Skip to content

Snow fleas could teach us how to preserve organs for longer trips

But they're not fleas and they don't bite

Thankfully within winter there are no blackflies and mosquitoes to contend with. There are other insects and, at a glance, they probably look like bits of dirt or pepper but they are tiny soil animals.

“Snow fleas” is a misnomer, more like a truck driver’s ”handle” or a nickname. They are actually quite common and abundant within the other three seasons but they're so tiny that they tend to blend in and go unnoticed until the white stuff arrives.

Better identified as springtails they are not actually fleas or even technically insects, they are arthropods and live in the subnivean environment, they are spotted as the mild spells continue toward the season of revitalization.

Arthropods have more than a million described species, making up more than 80 per cent of all living animal species, some of which like snow fleas are very successful in adapting and surviving quite nicely underneath the layers of snow.

If you like bugs springtails are kind of cute and have fewer abdominal segments than other insects and shed their exoskeletons; are 1 to 2 mm long, have short antennae and two clusters of 16 tiny eyes each.

Snow fleas are wingless insects, incapable of flying; they have a special way of jumping. Snow fleas have the super-powered ability that regular fleas have. Unlike other famous jumping arthropods like grasshoppers, snow fleas don't use their legs, they move more like a medieval catapult.

Snow fleas are equipped with an unusual abdominal appendage, a sort of tail called a “furcula” that is responsible for their long jumps. As the furcula unfolds, it launches - hence the name “springtail.” When they are thrown a few centimetres into the air—a considerable distance for such a tiny creature, they have no way to steer, it's an efficient way to flee potential predators.

Professor Don Henne knows his insects. The entomologist is a faculty member, Natural Resources Department, at Lakehead University in Thunder Bay.

One of his interests in the spatial and temporal population dynamics of insects and other arthropods.

“Springtails are insects and are arthropods. Arthropod means jointed legs, like all other insects, they have six legs,” Henne said.

“The subnivean layer under the snow is actually quite warm, relatively speaking,” he said. “With a layer of snow more than 20 cm thick, the outside temperature may be -40 C, but the subnivean layer at the snow/ground interface will hover around the freezing point.

"Springtails will move up and down the snow layer, depending on the outside temperature. If it's warm outside, they will move up and be visible on the surface of the snow.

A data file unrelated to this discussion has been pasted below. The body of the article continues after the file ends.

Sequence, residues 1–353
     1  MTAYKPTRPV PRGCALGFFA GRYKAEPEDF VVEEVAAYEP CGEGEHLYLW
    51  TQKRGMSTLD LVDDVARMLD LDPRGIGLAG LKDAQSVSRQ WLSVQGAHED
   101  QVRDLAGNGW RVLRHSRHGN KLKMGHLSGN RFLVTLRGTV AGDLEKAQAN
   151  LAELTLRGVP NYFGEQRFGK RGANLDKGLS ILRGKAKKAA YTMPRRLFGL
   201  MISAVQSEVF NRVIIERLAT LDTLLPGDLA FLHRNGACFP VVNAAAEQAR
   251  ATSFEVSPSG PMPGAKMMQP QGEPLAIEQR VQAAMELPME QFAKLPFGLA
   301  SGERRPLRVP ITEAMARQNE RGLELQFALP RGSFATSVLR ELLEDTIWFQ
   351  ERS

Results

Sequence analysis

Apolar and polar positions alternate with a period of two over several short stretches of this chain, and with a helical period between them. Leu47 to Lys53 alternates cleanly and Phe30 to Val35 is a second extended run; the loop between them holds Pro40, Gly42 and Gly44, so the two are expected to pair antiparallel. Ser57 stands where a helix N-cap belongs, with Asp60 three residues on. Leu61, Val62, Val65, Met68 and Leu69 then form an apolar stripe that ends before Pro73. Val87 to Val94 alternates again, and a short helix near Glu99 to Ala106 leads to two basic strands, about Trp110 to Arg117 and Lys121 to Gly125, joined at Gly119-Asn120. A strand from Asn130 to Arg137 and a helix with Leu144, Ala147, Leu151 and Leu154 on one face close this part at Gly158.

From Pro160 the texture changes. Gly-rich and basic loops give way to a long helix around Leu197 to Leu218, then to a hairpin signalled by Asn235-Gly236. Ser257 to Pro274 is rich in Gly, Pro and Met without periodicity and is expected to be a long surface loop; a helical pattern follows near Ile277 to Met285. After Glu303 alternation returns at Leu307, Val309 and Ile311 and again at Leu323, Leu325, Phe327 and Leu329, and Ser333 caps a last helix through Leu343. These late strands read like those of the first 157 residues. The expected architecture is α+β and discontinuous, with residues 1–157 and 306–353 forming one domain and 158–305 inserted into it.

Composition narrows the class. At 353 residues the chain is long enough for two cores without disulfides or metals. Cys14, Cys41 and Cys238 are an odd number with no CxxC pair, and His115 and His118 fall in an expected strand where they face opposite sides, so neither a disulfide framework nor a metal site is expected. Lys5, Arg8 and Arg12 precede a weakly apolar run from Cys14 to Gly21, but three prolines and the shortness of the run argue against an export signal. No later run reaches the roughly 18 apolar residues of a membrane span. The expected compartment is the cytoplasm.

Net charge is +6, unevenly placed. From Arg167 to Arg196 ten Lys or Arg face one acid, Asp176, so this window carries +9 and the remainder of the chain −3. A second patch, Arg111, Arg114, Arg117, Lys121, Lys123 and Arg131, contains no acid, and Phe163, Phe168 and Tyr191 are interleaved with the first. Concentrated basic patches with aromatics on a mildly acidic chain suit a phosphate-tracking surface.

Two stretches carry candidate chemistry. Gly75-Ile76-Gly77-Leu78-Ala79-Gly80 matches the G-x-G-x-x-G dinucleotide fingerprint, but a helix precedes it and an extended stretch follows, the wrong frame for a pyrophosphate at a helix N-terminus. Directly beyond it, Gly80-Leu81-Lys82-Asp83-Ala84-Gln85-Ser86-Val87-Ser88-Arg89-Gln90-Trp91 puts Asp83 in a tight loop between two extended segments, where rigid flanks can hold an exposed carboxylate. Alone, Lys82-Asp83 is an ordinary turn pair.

"When the temperature gets too cold for them, they move back down where it's warmer.

"Springtails normally live among leaf litter and other decomposing organic matter on the ground where they feed on, fungi, algae, mould, bacteria and decaying organic matter. Despite their great abundance, we rarely see them except on warm days during the winter when they appear on the snow.”

He said in the winter, the two species of tiny black flecks — Hypogastrura harveyi and Hypogastrura nivicol — can be easily spotted against the white backdrop of snow.

Unlike fleas, springtails are not parasites they play an important part in the process of natural decomposition. Springtails are an important food source for many small invertebrate predators.

And if you have ever seen small birds seeming to eat snow, they may have been dining on springtails. If you see these black patches on your lawn or garden they are actually great because of the work that they do to help decompose organic material.

Take it as a good sign that the ecosystem in your yard is healthy and rich in organic material.

Snow fleas are important within the scientific research community because they have developed a powerful set of molecular helpers that allow them to remain active during the winter deep freeze; two antifreeze proteins (AFPs- Alpha-fetoprotein), rich in the amino acid glycine.

It allows snow fleas to keep on munching organic materials despite the colder weather. It prevents the formation and enlargement of ice crystals, lowers the freezing point of its body fluids by nearly 6 °C.

The proteins, isolated and sequenced by Laurie Graham and Peter Davies of Queen's University are among the most effective AFPs ever observed. They have determined the protein binds to the ice crystals during the formation phase preventing the crystals from growing larger.

The finding helps shed light on AFP evolution in insects and could lead to potential protein-based antifreeze applications. This may allow human organs to be stored at lower temperatures, expanding the time allowed between removal and transplant.

It could also help to increase frost resistance in plants, and inhibit crystallization in frozen foods. Snow fleas have their place like every other living creature.

We are not at the end of a bug-free winter, that is one of the attributes of March winter camping. Whatever you like to call them it is a thrill to spy a group of springtails hopping along what we think is dirty snow; have a look with your phone’s magnifier app.

Yes, the insects that do bite are just around the corner and we are all looking forward to that, especially this year as we get back to the back roads.